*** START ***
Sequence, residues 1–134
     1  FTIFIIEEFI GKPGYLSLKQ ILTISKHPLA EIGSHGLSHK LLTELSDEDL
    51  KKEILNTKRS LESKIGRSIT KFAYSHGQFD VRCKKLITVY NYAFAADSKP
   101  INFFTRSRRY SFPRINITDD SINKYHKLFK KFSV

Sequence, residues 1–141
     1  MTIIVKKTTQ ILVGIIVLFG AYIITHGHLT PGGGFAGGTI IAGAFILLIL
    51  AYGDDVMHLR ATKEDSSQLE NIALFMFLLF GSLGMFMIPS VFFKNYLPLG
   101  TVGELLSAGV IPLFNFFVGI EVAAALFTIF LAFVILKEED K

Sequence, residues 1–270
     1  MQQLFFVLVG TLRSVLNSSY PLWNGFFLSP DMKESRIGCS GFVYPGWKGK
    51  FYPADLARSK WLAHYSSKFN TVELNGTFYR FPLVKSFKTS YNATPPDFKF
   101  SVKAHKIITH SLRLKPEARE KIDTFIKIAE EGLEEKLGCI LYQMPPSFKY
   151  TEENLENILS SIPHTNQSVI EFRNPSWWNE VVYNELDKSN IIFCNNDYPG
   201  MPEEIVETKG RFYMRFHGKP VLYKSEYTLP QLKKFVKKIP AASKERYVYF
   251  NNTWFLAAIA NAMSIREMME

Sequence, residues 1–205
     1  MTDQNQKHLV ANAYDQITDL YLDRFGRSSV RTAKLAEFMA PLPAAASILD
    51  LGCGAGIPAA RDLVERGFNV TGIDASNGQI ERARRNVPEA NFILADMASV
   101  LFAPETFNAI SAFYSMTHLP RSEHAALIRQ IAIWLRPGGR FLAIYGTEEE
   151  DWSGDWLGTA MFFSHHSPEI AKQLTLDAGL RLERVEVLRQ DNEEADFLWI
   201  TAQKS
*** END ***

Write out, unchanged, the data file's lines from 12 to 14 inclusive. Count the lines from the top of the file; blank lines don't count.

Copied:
   101  SVKAHKIITH SLRLKPEARE KIDTFIKIAE EGLEEKLGCI LYQMPPSFKY
   151  TEENLENILS SIPHTNQSVI EFRNPSWWNE VVYNELDKSN IIFCNNDYPG
   201  MPEEIVETKG RFYMRFHGKP VLYKSEYTLP QLKKFVKKIP AASKERYVYF